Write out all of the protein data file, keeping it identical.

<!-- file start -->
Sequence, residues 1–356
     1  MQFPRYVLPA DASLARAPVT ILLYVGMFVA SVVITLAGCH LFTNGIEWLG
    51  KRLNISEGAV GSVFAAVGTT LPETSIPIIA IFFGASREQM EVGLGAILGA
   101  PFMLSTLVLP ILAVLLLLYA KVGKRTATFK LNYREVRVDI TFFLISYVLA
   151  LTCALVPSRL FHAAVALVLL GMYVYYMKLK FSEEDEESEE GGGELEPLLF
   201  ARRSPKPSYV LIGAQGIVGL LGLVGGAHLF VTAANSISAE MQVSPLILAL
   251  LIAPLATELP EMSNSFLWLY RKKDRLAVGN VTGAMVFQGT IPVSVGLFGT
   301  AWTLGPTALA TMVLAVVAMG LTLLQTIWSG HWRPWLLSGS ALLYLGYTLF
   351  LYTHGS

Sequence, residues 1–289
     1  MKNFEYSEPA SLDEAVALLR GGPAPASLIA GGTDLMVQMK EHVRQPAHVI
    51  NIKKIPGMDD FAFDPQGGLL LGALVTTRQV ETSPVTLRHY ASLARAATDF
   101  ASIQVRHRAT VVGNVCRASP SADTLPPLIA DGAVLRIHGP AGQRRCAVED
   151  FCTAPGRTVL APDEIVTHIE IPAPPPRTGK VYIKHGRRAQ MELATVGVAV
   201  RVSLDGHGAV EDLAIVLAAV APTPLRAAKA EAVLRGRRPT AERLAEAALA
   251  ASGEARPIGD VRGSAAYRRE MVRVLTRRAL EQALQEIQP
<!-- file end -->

Sequence, residues 1–356
     1  MQFPRYVLPA DASLARAPVT ILLYVGMFVA SVVITLAGCH LFTNGIEWLG
    51  KRLNISEGAV GSVFAAVGTT LPETSIPIIA IFFGASREQM EVGLGAILGA
   101  PFMLSTLVLP ILAVLLLLYA KVGKRTATFK LNYREVRVDI TFFLISYVLA
   151  LTCALVPSRL FHAAVALVLL GMYVYYMKLK FSEEDEESEE GGGELEPLLF
   201  ARRSPKPSYV LIGAQGIVGL LGLVGGAHLF VTAANSISAE MQVSPLILAL
   251  LIAPLATELP EMSNSFLWLY RKKDRLAVGN VTGAMVFQGT IPVSVGLFGT
   301  AWTLGPTALA TMVLAVVAMG LTLLQTIWSG HWRPWLLSGS ALLYLGYTLF
   351  LYTHGS

Sequence, residues 1–289
     1  MKNFEYSEPA SLDEAVALLR GGPAPASLIA GGTDLMVQMK EHVRQPAHVI
    51  NIKKIPGMDD FAFDPQGGLL LGALVTTRQV ETSPVTLRHY ASLARAATDF
   101  ASIQVRHRAT VVGNVCRASP SADTLPPLIA DGAVLRIHGP AGQRRCAVED
   151  FCTAPGRTVL APDEIVTHIE IPAPPPRTGK VYIKHGRRAQ MELATVGVAV
   201  RVSLDGHGAV EDLAIVLAAV APTPLRAAKA EAVLRGRRPT AERLAEAALA
   251  ASGEARPIGD VRGSAAYRRE MVRVLTRRAL EQALQEIQP